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The Evolution of Housing Wealth

Household debt is on the rise driven by increased mortgage balances, but it’s slower this time as mortgage debt continues to remain relatively flat according to the latest research by the Federal Reserve Bank of New York [1] that was released on Thursday. Titled “The Home Prices, Housing Wealth and Home Equity Extraction” the report [2] focused on the evolution of housing wealth, its use as a collateral and its long-term implications for this housing cycle.

The report indicated that debt balances had increased $63 billion during the quarter driven by increased mortgage balances that grew $57 billion. Breaking up the household debt, the report revealed that though auto and student debt rose during the period, credit card and home equity lines of credit (HELOC) debts declined.

Household debt peaked during the quarter, the report said and as on March 31, 2018, it stood at $13.2 trillion, showing an increase of $536 billion than the previous peak recorded in the third quarter of 2008 and 18.5 percent above the trough in the second quarter of 2013.

“Although household debt has been growing for five years, its growth has been slow relative to earlier periods, as mortgage debt has continued to be relatively flat,” the report said. “In the first quarter, aggregate delinquency rates improved, as rates on mortgage and HELOC debt declined further, while delinquency on auto and credit card debt increased.”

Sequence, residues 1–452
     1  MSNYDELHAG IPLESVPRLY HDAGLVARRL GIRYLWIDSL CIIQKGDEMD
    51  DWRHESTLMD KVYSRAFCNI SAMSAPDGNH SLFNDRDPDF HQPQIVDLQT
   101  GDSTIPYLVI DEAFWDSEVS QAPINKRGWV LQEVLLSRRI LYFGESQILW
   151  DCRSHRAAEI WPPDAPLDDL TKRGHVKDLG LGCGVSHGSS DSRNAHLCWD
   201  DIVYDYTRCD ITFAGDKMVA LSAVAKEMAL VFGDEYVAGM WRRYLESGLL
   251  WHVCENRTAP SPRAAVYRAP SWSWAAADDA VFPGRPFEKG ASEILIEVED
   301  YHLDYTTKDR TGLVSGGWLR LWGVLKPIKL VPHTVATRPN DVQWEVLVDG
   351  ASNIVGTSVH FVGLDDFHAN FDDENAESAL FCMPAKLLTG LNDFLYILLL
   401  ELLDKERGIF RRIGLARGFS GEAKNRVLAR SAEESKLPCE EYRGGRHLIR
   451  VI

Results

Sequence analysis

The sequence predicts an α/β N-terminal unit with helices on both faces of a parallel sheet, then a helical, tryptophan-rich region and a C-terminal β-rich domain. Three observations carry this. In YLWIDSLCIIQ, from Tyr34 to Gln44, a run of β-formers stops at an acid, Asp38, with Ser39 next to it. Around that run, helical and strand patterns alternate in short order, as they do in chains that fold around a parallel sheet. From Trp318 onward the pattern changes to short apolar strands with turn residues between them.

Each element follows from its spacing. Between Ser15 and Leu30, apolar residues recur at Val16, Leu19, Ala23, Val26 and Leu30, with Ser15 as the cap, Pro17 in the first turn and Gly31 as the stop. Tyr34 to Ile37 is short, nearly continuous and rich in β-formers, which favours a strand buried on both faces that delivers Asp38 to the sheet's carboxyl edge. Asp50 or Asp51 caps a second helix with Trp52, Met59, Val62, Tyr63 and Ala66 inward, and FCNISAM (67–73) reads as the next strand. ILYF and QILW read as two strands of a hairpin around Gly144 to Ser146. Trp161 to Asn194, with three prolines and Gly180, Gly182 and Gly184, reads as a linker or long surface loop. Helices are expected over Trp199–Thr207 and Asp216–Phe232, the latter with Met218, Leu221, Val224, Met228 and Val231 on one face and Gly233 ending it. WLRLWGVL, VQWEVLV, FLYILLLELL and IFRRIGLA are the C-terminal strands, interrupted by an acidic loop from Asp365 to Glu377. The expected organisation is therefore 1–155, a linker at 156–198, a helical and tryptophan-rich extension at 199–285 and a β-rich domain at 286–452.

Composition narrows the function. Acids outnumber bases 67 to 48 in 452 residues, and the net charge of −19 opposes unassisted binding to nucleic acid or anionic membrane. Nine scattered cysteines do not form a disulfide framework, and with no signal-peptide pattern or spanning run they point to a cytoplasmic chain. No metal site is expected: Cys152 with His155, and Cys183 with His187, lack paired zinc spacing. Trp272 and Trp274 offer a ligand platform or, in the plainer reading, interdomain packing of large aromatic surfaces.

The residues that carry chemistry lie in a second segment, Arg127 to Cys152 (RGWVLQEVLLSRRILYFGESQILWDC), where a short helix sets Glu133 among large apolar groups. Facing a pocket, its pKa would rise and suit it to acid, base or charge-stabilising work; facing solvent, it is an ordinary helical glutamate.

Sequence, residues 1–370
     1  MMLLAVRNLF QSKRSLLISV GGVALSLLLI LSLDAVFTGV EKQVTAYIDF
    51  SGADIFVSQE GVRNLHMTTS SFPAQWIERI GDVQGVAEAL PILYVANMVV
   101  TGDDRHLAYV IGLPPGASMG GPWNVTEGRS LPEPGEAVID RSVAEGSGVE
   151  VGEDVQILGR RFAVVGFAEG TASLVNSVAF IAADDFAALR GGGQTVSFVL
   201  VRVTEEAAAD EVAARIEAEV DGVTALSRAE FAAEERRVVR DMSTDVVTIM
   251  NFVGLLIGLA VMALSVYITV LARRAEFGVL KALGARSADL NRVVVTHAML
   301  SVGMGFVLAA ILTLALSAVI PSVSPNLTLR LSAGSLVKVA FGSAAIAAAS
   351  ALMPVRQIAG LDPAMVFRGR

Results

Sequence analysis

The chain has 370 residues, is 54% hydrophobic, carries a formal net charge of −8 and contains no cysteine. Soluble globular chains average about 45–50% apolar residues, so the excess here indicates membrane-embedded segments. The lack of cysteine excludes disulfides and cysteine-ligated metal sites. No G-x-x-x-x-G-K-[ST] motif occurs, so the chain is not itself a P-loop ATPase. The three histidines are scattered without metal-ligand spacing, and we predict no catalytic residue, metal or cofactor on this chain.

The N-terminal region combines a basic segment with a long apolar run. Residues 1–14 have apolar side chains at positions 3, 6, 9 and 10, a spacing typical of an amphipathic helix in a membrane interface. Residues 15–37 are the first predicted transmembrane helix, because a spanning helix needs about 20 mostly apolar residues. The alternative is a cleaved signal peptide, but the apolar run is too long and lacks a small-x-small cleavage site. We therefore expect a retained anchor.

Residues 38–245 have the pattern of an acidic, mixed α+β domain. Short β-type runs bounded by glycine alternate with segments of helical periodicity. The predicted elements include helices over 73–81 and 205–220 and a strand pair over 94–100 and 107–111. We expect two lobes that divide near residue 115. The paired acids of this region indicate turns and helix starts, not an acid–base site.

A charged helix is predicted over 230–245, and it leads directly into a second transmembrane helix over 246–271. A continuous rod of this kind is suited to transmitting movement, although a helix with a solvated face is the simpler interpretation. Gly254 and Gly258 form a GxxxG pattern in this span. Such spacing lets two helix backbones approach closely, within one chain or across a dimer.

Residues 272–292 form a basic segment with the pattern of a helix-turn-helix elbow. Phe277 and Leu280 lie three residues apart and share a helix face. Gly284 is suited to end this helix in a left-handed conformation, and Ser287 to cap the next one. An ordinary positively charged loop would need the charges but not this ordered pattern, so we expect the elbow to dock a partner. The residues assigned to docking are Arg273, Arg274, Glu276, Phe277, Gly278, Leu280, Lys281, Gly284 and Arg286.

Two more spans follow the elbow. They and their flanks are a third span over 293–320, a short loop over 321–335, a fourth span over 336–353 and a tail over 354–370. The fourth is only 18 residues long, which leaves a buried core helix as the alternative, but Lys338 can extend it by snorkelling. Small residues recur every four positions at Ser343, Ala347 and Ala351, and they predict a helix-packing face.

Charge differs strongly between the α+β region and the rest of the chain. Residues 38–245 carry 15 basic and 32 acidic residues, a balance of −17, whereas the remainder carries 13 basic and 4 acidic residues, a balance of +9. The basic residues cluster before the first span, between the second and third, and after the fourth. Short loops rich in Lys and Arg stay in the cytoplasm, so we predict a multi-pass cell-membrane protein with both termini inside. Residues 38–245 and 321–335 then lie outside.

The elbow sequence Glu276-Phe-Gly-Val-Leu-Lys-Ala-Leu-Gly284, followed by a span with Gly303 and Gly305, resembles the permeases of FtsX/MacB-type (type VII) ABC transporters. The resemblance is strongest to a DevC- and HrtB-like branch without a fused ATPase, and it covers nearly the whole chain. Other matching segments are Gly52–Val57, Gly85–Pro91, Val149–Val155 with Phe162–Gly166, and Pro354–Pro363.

Even though the report found that households continued to view housing as a good investment, it said that current homeowners had not used their home equity to finance consumption. According to Beverly Hirtle, EVP and Director of Research at the Federal Reserve Bank of New York, one of the factors could be mortgage credit that “has been quite tight in the wake of the financial crisis.”

These tight lending standards have lent to a slow growth in aggregate balances and continually improving delinquencies, the report found. In fact, the already stringent standards on HELOCs tightened further after the financial crisis with the required median score of new HELOC borrowers pegged at almost 800. Unlike HELOCs, the report said, even though mortgage standards had also been very tight since the crisis, underwriting for installment mortgages had loosened recently. Yet, homeownership seems to have fallen in recent years.

“Tight credit can limit the scope for renters to become owners and for current homeowners to access their equity,” Hirtle said. Though factors such as regulation and financial institutions’ wariness about using housing as a collateral as a lesson from the crisis could be responsible for this situation, the increase in other forms of debt, especially student loans, among younger borrowers, and lower credit scores could also be responsible for the fall in homeownership as well as using home equity, the report found.

The report found that those who had gained most housing wealth over the last decade were older borrowers with high credit scores and they are “probably less likely to need the credit that increased housing wealth could collateralize,” Hirtle said. “Those who do have a strong demand for credit and own some home equity may have trouble tapping it if they have less-than-stellar credit histories.”